Supratim Chakravarty went to the US in the late 1960s with a degree from a top engineering college in India and little else. Today, he has a formula about America’s elections: “Newcomers initially vote Democrat because of their egalitarian politics. As their incomes rise, they shift to Republican, who promise lower taxes.”

This presidential contest, between Hillary Clinton and Donald Trump, could turn this on its head. Trump’s call for increased protection for American industry, higher tariffs on imports from Mexico (35 per cent) and China (45 per cent) and posturing against American minorities might win him votes from angry white men, but he is not winning Indian hearts and minds.

What’s in store for Asia if Trump really wins? Or doesn’t?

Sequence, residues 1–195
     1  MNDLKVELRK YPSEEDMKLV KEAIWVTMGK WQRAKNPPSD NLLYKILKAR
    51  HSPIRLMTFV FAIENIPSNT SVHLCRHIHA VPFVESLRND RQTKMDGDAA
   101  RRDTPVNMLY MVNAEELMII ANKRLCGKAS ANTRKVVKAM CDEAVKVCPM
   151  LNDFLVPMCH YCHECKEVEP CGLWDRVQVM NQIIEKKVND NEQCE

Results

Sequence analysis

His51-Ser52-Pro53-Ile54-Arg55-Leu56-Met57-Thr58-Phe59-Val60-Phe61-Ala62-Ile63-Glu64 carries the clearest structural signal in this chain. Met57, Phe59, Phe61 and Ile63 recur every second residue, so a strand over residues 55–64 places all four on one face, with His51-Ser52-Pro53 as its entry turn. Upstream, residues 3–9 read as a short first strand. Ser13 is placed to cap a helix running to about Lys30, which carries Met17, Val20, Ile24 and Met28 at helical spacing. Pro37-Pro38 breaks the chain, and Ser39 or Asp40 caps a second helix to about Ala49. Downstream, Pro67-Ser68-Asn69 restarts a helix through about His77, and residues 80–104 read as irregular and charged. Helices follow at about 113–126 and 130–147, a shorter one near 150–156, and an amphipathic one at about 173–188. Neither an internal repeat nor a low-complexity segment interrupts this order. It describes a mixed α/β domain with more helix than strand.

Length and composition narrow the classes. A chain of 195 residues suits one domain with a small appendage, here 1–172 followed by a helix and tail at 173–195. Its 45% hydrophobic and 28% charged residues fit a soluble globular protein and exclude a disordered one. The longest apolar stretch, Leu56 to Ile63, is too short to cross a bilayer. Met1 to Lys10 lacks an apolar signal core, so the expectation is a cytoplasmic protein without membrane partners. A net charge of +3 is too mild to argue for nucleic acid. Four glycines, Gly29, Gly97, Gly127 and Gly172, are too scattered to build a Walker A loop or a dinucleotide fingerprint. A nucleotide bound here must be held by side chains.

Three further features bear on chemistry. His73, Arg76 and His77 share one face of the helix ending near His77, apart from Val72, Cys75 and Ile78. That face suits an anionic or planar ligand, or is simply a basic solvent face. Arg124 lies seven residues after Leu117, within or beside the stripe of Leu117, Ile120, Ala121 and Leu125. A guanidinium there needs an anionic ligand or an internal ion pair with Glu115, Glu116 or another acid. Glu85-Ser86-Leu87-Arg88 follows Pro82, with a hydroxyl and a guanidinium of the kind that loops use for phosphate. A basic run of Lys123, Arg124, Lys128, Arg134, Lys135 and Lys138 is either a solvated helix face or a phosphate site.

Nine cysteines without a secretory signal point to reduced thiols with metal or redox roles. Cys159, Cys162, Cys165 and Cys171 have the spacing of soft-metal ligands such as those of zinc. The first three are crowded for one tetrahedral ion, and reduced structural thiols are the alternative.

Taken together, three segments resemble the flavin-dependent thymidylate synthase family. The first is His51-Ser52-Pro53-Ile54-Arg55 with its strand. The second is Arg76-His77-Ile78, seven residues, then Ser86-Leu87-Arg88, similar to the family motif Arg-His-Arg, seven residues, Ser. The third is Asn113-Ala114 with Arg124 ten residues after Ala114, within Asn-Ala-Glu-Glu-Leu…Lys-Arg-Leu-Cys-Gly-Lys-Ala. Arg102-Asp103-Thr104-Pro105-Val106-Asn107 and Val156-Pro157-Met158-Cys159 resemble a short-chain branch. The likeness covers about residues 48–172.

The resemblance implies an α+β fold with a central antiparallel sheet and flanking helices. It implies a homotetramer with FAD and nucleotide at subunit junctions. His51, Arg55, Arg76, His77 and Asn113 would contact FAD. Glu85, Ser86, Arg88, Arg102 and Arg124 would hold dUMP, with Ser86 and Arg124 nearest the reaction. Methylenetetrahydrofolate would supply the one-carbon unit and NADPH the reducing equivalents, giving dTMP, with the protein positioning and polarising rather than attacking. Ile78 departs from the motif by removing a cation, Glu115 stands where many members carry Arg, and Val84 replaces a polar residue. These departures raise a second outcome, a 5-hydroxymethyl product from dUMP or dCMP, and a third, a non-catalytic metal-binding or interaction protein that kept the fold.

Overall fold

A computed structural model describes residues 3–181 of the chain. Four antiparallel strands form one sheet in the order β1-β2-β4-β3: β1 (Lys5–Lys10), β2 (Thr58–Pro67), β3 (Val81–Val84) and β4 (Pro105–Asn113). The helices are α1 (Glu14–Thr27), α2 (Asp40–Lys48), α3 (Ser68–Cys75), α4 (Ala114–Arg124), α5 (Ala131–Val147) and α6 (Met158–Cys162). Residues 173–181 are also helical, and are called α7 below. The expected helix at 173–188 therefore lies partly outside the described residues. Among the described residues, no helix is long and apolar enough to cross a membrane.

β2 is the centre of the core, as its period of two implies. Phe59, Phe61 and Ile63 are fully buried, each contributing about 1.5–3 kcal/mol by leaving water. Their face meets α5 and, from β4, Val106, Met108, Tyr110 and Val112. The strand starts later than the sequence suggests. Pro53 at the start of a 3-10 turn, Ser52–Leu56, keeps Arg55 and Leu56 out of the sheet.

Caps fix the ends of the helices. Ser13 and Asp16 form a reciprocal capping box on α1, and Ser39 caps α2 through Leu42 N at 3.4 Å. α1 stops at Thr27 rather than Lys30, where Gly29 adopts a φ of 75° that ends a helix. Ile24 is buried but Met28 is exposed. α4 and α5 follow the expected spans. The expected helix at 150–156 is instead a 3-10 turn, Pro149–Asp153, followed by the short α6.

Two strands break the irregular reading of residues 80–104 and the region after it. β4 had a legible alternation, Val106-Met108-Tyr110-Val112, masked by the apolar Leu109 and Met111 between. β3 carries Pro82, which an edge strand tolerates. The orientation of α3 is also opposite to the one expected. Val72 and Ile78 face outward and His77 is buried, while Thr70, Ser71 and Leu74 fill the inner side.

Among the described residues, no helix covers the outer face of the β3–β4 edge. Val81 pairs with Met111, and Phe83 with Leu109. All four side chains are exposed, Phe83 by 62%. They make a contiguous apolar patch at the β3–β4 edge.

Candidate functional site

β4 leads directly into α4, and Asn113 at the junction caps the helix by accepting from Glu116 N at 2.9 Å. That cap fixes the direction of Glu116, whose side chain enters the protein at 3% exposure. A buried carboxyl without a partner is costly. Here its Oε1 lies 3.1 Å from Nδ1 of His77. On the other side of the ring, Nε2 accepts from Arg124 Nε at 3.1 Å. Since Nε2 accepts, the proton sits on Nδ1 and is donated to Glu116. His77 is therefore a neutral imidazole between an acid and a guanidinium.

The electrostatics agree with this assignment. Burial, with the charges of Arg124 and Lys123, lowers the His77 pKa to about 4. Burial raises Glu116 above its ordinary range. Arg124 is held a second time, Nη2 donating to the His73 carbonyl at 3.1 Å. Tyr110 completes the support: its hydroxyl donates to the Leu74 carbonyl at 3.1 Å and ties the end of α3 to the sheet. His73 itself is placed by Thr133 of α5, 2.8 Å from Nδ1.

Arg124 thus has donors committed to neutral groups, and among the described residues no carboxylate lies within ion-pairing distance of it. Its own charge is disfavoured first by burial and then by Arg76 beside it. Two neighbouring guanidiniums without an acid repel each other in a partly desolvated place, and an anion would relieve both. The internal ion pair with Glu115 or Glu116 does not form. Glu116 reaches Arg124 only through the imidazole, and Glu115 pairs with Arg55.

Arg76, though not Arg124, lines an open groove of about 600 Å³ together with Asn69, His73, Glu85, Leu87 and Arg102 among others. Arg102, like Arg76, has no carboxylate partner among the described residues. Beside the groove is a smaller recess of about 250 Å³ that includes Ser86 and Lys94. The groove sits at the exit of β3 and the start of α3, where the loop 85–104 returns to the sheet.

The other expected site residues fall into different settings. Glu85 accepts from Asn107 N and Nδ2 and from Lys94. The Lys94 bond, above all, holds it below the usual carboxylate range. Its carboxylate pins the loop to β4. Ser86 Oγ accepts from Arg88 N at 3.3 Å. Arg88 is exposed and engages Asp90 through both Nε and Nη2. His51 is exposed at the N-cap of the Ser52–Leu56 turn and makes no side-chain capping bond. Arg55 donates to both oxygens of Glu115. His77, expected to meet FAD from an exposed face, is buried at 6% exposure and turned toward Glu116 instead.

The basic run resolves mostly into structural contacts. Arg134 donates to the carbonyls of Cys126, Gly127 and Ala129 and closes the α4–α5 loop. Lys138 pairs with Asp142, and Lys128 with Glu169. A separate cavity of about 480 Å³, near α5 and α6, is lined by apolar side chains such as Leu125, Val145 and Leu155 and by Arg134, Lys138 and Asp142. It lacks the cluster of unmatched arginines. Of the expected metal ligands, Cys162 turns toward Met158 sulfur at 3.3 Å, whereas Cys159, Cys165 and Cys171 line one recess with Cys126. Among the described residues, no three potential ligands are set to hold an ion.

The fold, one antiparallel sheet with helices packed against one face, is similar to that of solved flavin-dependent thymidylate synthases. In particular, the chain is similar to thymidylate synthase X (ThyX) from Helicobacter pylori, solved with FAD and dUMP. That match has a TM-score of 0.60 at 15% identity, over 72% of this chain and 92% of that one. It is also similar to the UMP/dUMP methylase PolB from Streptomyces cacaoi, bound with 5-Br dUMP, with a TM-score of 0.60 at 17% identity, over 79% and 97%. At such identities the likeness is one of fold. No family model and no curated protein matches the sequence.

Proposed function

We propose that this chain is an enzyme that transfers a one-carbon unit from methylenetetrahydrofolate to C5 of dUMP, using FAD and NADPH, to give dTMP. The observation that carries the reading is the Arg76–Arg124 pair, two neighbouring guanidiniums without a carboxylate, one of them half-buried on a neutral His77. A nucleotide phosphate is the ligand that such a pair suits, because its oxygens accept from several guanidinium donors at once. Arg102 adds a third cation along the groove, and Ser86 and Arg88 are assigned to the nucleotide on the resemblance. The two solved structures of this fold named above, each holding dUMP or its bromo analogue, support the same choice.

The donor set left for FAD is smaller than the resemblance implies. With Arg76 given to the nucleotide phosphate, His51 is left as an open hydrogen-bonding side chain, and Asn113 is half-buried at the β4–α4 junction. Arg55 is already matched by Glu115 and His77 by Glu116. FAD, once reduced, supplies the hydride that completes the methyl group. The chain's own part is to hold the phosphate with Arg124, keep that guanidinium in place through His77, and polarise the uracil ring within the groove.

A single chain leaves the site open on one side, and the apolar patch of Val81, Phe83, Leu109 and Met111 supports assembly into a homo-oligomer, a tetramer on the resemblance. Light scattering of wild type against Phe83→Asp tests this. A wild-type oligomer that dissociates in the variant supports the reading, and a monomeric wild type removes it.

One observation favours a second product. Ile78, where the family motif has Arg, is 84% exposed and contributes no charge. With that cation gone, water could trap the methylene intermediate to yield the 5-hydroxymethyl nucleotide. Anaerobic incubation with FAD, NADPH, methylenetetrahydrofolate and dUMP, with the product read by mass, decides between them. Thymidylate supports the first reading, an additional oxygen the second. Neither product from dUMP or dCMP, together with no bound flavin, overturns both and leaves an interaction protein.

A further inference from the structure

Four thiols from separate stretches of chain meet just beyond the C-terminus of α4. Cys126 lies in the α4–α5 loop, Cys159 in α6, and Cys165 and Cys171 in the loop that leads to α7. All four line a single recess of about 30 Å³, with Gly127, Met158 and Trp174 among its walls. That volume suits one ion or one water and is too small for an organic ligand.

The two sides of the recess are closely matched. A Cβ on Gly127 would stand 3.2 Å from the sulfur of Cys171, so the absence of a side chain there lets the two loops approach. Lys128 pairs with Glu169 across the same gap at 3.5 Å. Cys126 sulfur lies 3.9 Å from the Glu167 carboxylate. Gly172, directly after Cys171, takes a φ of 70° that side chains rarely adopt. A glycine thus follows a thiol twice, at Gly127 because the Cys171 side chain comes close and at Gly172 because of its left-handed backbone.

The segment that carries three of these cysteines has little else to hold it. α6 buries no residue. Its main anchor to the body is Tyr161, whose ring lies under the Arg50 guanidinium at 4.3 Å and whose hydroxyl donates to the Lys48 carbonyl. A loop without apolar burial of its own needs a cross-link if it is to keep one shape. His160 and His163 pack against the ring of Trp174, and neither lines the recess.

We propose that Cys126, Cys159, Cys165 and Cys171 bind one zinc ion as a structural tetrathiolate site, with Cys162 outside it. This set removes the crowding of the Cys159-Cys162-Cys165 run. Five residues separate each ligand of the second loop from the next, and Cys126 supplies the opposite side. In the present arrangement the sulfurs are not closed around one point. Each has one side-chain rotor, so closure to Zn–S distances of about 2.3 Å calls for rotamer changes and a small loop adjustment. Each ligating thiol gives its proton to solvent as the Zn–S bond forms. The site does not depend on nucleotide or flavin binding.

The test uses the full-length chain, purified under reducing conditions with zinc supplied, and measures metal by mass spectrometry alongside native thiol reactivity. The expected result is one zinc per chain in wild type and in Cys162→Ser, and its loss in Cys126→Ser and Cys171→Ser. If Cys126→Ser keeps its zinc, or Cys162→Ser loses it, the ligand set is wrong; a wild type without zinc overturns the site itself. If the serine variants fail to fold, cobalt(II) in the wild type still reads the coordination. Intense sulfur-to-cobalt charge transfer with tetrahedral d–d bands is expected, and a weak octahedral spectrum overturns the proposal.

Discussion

Immigration curbs and higher tariffs strike at the core of New Delhi’s rising global aspirations. Trump’s negativism about immigrants, overseas investment in the US and privileging white, blue-collar workers upsets Indians.

“A US president should provide thought leadership to the world. Clinton is competent. Trump has dash, but appeals to a lower common denominator. Between the two I would settle for Clinton, from an American and an Indian perspective,” said Sanjeev Aga, former CEO of telecom company Idea Cellular, now on the board of corporate giants like L&T.

Why the second US presidential debate makes Singapore nervous

Saurav Mishra, 29, in his first job as a producer for a broadcast company, said: “If I were American and unemployed, I might have voted Trump. But I’d vote Hillary if I were in a queue for a work permit at the US embassy.”

Chakravarty, who has seen every US election since Richard Nixon’s landslide in 1972, said, “Trump might win white heartland votes, but minorities will go with Clinton.”